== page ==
Buying a Home in 2012? Discover the Mortgage Basics

If you’re looking to buy your first home, or if you’ve purchased before, there are a number of things you need to know about a down payment, asset reserves and other matters. First, you’ll likely have to obtain a conventional or a Federal Housing Administration (FHA) mortgage.

If you’re looking for a conventional mortgage, you’ll typically be looking at putting down between 5% and 20%. It will depend on what your credit looks like, because most conventional mortgage holders will have credit scores above 720. Scores below that will have some type of premium associated with them and make for a more costly loan.

Conventional mortgages require a minimum of two months of asset reserves as well as mortgage insurance on purchase transactions with less than 20% equity.

FHA mortgages require a minimum of 3.5% down and, depending on the lender, will allow you to have a credit score in the 640-to-660 range.

Unlike conventional mortgages, there are no asset reserves that are required. However, monthly mortgage insurance is always required, regardless of the amount of down payment.

The greatest difference between conventional and FHA mortgages lies in what is called up-front mortgage insurance. Up-front mortgage insurance is basically a onetime premium that is paid by you, at closing, to the lender. The premium can be financed.

Being that the FHA is allowing lower credit scores and lower down payments than conventional mortgages are, there is more risk in lending the money. Lenders offset this risk with more coverage for themselves.

The Ins and Outs of Home Mortgage Insurance

When buying a home it’s important to understand the basics of mortgage insurance.

What is it? How does it work? What does it mean to you as a home buyer or homeowner?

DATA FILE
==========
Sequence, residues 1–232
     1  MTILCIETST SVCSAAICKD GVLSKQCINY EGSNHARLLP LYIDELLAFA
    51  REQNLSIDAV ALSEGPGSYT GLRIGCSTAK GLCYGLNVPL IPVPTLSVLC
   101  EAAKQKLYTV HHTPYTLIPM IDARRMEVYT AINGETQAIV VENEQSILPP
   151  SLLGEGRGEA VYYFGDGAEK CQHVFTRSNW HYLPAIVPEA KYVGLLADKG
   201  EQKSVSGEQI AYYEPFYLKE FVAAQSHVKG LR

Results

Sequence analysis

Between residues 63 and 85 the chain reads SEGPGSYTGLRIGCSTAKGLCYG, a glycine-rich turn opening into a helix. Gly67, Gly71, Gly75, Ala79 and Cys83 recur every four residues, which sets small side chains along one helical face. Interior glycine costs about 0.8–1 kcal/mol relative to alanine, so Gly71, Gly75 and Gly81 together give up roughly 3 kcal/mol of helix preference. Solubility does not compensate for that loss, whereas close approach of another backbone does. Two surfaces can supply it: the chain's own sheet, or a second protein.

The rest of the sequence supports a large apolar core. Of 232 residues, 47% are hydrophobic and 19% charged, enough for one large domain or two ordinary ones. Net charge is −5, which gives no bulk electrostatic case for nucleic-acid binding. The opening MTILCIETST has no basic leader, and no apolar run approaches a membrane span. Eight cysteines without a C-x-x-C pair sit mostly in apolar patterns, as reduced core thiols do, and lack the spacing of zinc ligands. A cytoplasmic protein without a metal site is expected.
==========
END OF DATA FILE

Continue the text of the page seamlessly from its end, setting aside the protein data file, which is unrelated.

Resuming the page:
First, mortgage insurance is taken out by the lender to provide protection against you defaulting on your mortgage. However, you usually pay the premiums on this insurance each month, as opposed to your lender paying them.

When most people think of mortgage insurance they think of it on a property that’s being purchased or refinanced where there’s less than 20% equity. This is true for conventional mortgages but slightly different for Federal Housing Administration (FHA) mortgages.

On conventional mortgages, the monthly premium will vary based on factors such as down payment, credit score, etc.

Borrowers with riskier credit and a lower down payment will pay more than someone with great credit and a larger down payment will.

If you get an FHA loan, the mortgage insurance works slightly differently. In addition to the monthly premium that is in place – as is the case with conventional mortgages – there is also an up-front premium. This premium can be financed into the loan itself.

Most FHA mortgages, regardless of the down payment, require both up-front and monthly mortgage insurance.

While insurance for FHA mortgages is a bit pricier than for a conventional mortgage, there are two advantages to the FHA mortgage borrower.

The first is that the credit requirements for insurance for FHA mortgages are more lax than they are with conventional mortgages.

The second is that a buyer can often put down less money on a home with an FHA mortgage and still qualify.

Ask your mortgage professional for more details.